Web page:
Miami’s 2021-22 roster features 10 first-year RedHawks – six freshmen, two sophomores and a pair of seniors. Six are transfers.

Miami coach Barry Schutte (photo by Cathy Lachmann/VFTG).

As associate head coach, Barry Schutte, along with fellow associate Eric Rud, played a major role in landing the newest class of MU hockey talent, which is more transfer-laden than any in recent history.

“The nice thing about all these kids is they all had lots of options, and there were lots of kids in that portal, but when you look at the upper eschlan of kids in the portal who could go into a program and make an immediate impact the first year, we feel like we won out on a lot of those kids,” Schutte said.

Part II of our interview with Schutte focuses on the newest RedHawks.



– Miami coaches also have excellent relationship with NAHL Lone Star’s coaches, and Lone Star had high praise for him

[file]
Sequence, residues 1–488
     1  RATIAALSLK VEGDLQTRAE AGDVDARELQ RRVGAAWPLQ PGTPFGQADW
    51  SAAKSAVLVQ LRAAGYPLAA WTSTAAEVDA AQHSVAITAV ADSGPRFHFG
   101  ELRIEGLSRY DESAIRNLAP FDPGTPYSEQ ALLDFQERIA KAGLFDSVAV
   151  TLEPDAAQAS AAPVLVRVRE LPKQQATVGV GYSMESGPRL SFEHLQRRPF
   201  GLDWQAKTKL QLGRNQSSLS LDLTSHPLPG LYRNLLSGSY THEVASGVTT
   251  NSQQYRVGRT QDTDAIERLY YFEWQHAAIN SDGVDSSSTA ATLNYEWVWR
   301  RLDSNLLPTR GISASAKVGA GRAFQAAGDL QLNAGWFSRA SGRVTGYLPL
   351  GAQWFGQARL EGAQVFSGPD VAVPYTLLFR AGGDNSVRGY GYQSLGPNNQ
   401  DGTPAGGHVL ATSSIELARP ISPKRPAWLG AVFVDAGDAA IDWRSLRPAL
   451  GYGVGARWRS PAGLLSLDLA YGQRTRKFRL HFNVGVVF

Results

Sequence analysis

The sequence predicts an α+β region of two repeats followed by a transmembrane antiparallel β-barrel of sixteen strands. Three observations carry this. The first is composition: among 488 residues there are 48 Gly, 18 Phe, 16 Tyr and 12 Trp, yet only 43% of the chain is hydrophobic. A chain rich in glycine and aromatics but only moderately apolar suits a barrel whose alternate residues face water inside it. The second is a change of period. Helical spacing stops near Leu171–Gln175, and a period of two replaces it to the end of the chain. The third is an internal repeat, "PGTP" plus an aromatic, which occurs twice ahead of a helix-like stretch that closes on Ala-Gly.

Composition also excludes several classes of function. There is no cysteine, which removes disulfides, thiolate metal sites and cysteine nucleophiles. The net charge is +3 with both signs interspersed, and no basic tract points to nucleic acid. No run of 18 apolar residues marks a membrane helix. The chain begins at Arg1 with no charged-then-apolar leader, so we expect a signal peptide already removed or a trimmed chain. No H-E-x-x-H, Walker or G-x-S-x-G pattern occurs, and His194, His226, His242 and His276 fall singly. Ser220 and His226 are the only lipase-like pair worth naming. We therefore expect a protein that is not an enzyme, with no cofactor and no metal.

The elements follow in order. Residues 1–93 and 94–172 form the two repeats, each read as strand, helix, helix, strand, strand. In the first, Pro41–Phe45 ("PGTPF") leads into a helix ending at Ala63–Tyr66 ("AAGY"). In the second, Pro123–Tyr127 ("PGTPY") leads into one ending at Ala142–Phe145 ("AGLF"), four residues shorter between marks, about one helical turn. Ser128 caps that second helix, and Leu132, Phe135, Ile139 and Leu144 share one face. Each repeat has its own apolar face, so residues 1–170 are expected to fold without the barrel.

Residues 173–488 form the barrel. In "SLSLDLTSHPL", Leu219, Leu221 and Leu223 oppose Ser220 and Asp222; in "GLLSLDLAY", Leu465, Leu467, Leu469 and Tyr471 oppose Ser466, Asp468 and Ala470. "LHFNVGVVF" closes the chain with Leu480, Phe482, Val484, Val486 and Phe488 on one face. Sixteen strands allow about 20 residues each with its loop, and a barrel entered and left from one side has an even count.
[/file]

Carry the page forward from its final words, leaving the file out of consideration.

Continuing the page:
– Has been on the Miami radar since playing bantam for Belle Tire in Detroit

– Late bloomer

– Because of COVID, coaches were able to binge watch his shifts and have a better gauge as to what makes him tick on the ice

– Was a first liner for Air Force and logged time on both the power play and penalty kill

VFTG: Daskas transferred in from Air Force. He played NAHL the year prior but was averaging a half point a game with Air Force, so albeit a small sample size he posted good stats before transferring to Miami.

SCHUTTE: He did. He played with Ludvig Persson in the North American League in Lone Star, and when Thomas made the decision to enter the transfer portal, Ludvig was, hey, I played with him last year, he’s a good player, he’s a great kid, he’s worth a phone call.